ISSN 2398-2993      

Marfan syndrome

obovis
Contributor(s):

Mike Reynolds

Alan Murphy


Introduction

  • Cause: marfan syndrome is a hereditary condition in cattle. It is caused by an autosomal dominant connective tissue disorder.
  • Signs: affected cattle present with cardiovascular, musculoskeletal and ocular disease.
  • Diagnosis: clinical signs and histopathological findings consistent with disease.
  • Treatment: as marfan syndrome is a hereditary condition, no treatment options are available. Animals should be euthanized on welfare grounds.
  • Prognosis: hopeless.

Pathogenesis

Etiology

  • Marfan syndrome is caused by an autosomal dominant connective tissue disorder.
  • Affected cattle have a defect in fibrillin metabolism caused by mutations in the fibrillin-1 gene.
  • Bovine marfan syndrome resembles human disease in pathology and clinical signs and as such is used as an animal model for human disease.

Predisposing factors

General

  • Presence of autosomal dominant genes responsible for disease being carried in the breeding population.

Specific

  • Presence of autosomal dominant genes responsible for disease leading to the birth of an infected individual.

Pathophysiology

  • Disorganization and fragmentation of elastic fibers of the aorta, secondary to a decreased fibrillin metabolism.  

Timecourse

  • Affected animals are born with the disease and dependent upon severity and clinical manifestations, animals may survive several years. This can be attributed to the wide range of cardiovascular defects associated with marfan syndrome, with mortality occurring in younger animals with more severe pathological changes such as dysfunction of the mitral valve or aortic aneurysms Aortic rupture.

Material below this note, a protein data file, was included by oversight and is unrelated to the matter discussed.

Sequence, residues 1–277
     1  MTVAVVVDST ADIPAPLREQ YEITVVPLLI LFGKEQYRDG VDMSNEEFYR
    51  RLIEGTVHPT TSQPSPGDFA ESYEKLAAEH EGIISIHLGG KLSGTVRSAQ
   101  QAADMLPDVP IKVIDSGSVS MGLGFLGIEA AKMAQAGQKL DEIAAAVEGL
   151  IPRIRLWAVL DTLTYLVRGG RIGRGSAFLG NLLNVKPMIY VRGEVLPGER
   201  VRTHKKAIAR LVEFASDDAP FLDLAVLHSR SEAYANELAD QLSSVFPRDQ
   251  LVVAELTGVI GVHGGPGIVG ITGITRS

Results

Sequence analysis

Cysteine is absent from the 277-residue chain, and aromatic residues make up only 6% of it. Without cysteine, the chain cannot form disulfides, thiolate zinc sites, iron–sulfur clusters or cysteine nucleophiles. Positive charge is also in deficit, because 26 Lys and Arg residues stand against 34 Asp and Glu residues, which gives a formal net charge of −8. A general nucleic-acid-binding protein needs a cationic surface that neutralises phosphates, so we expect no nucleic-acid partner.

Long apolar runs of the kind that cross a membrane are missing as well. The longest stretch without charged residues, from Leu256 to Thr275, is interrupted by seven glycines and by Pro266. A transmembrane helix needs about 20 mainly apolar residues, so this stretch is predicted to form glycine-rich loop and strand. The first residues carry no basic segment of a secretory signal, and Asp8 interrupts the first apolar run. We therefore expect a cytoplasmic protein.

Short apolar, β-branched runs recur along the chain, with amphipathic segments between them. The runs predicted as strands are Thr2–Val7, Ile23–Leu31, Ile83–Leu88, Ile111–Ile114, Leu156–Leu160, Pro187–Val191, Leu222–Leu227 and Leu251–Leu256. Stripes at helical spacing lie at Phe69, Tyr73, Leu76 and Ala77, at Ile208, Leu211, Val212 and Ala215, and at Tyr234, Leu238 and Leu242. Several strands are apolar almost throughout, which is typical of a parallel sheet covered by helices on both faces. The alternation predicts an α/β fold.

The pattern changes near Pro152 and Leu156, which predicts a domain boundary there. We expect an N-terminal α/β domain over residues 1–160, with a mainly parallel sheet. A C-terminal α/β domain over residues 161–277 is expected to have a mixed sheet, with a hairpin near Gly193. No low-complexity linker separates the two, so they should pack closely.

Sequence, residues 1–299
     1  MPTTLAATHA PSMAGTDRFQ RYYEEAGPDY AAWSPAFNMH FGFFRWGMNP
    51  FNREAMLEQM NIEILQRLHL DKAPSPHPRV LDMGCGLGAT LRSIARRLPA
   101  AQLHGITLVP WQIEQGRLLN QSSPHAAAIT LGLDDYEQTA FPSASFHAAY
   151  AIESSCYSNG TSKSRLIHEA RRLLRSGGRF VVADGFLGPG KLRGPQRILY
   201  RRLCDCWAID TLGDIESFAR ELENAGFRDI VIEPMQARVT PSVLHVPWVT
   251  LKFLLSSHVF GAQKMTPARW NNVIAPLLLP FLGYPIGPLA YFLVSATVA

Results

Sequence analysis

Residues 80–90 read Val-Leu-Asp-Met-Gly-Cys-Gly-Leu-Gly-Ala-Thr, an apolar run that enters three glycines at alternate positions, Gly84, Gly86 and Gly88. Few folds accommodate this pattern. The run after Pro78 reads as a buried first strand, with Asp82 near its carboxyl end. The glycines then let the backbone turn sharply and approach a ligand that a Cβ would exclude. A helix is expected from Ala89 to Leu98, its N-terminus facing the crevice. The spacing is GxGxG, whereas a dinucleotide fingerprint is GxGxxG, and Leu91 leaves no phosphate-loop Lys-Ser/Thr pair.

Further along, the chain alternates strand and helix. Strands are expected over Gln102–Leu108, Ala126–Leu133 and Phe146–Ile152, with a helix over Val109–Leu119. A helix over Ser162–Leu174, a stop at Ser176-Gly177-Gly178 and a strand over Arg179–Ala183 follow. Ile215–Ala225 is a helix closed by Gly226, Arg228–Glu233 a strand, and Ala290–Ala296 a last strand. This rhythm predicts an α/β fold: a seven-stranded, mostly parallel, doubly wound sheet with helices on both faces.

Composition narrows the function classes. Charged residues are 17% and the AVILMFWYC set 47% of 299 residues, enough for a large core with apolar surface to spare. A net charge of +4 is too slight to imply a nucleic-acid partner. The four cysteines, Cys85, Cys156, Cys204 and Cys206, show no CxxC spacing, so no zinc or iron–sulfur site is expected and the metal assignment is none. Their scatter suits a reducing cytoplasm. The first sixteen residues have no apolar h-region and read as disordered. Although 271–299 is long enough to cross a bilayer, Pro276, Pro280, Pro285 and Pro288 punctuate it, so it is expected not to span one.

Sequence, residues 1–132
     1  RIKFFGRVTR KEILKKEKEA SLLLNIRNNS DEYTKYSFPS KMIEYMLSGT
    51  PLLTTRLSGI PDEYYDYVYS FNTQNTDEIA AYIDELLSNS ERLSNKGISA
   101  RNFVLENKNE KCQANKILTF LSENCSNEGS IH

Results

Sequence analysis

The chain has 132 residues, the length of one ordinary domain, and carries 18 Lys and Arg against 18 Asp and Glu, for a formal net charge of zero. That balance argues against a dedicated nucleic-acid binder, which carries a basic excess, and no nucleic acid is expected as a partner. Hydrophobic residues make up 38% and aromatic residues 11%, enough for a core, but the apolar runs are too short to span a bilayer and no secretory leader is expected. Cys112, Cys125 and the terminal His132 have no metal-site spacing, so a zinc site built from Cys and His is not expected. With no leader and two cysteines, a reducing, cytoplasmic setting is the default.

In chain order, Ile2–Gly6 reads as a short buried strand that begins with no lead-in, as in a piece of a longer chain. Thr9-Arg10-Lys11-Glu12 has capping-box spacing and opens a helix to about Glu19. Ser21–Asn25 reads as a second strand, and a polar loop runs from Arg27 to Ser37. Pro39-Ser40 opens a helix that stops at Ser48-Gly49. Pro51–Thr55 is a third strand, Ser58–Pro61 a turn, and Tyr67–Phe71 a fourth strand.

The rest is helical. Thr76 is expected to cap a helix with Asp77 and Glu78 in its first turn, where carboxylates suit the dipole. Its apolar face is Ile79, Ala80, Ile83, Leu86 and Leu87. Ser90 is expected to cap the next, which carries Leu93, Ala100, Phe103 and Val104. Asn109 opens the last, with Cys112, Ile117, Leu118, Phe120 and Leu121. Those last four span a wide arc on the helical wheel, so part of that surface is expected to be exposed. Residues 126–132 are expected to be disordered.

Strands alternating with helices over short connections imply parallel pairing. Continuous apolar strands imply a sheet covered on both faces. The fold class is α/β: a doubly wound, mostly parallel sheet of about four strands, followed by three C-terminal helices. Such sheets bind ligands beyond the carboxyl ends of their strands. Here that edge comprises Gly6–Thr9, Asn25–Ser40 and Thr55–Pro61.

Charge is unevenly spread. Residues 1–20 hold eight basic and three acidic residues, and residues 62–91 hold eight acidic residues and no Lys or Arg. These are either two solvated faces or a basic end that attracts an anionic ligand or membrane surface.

Epidemiology

  • Marfan syndrome in cattle is a hereditary condition and as such, is sporadic in nature.

Diagnosis

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Treatment

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Prevention

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Outcomes

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Further Reading

Publications

Refereed Papers

  • Recent references from PubMed and VetMedResource.
  • Tsang H G, Rashdan N A, Whitelaw C B A, Corcoran B M, Summers K M & MacRae V E (2016) Large animal models of cardiovascular disease. Cell Biochem Funct 34 (3), 113–132 PMC.
  • Habashi et al (2006) Losartan, an AT1 antagonist, prevents aortic aneurysm in a mouse model of marfan syndrome. Science 312 (5770), 117-121 SciMag.
  • Pessier A P & Potter K A (1996) Ocular pathology in bovine Marfan's syndrome with demonstration of altered fibrillin immunoreactivity in explanted ciliary body cells. Lab Invest 75 (1), 87-95 PubMed.
  • Potter K A & Besser T E (1994) Cardiovascular lesions in bovine marfan syndrome. Vet Pathol 31 (5), 501-509 PubMed.
  • Potter K A, Hoffman Y, Sakai L Y, Byers P H, Besser T E & Milewicz D M (1993) Abnormal fibrillin metabolism in bovine marfan syndrome. Am J Pathol 142 (3), 803-810 PubMed.

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